Electric Rays: Family Torpedinidae
Species: Torpedo californica; (Ayres, 1855); from the Greek word torpedo (for numbness—from the electric shock) and californica (for California, where the first specimens were taken).
Alternate Names: Torpedo ray, numbfish, crampfish or torpedo. Called torpedo del Pacifico or torpedo in Mexico.
Identification: An oval disk that is thick and flabby; the tail is short, stocky, with two dorsal fins and a large symmetrical caudal fin. No spines or prickles. Eyes small and round; mouth moderate in size with 4 or 5 rows of teeth in each jaw. Coloring is blue-black to drak gray above; white to slate gray below; often with black spotting.
Size: Reported to 4 feet in length and 90 pounds. Typical size at piers is from two and a half to three and a half feet.
Range: Worldwide in tropical and temperate seas; in the eastern Pacific from Sebastian Viscaino Bay, southern Baja California, and the Gulf of California, to Wiah Point in Dixon Entrance, Queen Charlotte Islands, British Columbia.
Habitat: Generally in shallow coastal waters but reported to a depth of 900 feet. During the day they will often partially bury themselves in sand before ambushing unsuspecting victims that come a little too close. They capture their prey (fish, invertebrates, cephalopods) by suddenly lunging their heads upwards and simultaneously delivering an electric shock (of up to 45 volts). At night they like to swim mid-level and attack fish that have settled near the bottom in a quiescent state. It’s reported that when “a prey fish enters range, the ray lunges forward and folds the anterior and lateral margins of its pectoral fins over it. It then envelops the prey further by making short kicks with its tail, sometimes performing somersaults and/or barrel rolls, while incapacitating it with electric shocks. .The stunned fish is then passed to the weak but flexible mouth with undulations of the disc, and swallowed head-first.” When vision is limited (night or turbid water) they mayfind their prey by picking up electrical cues with their ampullae of Lorenzini.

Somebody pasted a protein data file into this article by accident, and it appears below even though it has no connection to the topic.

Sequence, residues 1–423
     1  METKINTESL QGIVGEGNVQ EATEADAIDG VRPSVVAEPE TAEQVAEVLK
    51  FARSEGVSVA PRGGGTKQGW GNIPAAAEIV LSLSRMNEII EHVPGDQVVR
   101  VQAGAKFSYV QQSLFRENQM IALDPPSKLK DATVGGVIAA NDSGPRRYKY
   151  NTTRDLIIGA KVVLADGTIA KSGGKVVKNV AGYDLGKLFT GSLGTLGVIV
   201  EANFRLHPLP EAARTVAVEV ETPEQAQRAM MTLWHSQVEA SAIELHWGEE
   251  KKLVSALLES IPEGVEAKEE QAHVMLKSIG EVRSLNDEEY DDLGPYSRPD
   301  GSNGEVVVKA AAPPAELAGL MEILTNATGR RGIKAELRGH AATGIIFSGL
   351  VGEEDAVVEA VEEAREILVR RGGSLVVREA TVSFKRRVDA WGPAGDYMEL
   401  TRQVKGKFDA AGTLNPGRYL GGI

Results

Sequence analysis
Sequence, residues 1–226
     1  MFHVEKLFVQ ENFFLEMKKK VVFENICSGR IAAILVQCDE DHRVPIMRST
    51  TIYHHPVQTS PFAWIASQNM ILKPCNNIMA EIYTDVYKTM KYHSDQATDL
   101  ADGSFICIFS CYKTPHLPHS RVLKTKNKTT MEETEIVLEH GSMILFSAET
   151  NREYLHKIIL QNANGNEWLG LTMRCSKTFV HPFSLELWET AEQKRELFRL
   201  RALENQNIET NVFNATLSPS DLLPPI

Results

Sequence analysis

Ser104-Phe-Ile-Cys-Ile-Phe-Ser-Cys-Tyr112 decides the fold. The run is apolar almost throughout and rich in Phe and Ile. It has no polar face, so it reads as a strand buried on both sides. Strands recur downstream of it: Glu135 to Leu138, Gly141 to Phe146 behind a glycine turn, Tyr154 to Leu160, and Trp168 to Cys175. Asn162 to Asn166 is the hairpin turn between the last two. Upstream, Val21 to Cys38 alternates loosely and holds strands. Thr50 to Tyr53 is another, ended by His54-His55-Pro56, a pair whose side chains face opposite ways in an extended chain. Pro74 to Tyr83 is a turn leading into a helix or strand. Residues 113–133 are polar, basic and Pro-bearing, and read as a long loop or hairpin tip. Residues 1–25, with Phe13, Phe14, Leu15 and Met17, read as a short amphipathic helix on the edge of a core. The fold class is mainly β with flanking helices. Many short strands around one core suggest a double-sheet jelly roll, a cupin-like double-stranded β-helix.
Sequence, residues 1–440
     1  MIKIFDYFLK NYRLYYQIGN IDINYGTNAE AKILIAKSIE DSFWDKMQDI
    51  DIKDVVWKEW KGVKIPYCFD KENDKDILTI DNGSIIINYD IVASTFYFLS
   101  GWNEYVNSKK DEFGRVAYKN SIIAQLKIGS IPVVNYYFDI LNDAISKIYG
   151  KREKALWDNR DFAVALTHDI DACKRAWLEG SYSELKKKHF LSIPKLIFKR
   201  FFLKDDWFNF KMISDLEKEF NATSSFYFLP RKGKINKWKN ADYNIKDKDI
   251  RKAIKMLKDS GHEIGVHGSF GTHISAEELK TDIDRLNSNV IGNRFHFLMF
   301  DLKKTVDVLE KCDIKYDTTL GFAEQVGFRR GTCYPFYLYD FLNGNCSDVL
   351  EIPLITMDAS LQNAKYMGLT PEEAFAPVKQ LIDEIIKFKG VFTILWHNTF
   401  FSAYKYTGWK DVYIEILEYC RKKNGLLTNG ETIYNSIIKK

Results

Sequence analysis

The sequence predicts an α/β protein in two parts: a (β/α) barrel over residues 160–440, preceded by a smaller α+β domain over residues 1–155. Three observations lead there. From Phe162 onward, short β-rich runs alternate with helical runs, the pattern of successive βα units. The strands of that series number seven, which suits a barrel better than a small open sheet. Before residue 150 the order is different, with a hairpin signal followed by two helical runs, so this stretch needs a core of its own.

Piers: An uncommon catch at piers although some are taken each year; most common at piers south of Point Conception. Best bets: Ocean Beach Pier, San Clemente Pier, Hermosa Beach Pier, Ventura Pier (#1), and the Gaviota Pier.
Shoreline: Rarely caught by shore anglers.
Boats: Rarely seen by boaters.
Bait and Tackle: Since this is one of the larger fish pier anglers will encounter, you should use at least medium saltwater tackle—twenty pound test line and size 2 to 4/0 hooks. Most electric rays have been taken on cut bait such as mackerel and sardines or on squid.
Food Value: Apparently they are quite tasty (at least according to the French who savor electric rays).
Comments: Milton Love reports that they “hover over the potential tidbits, then stun them with a jolt that can reach at least 45 volts.” These rays are generally a surprise catch on a pier and often the angler is shocked (literally) by the catch. If you must pick them up, do so by their tails; the shocks are produced in organs located in the disk on each side of the ray.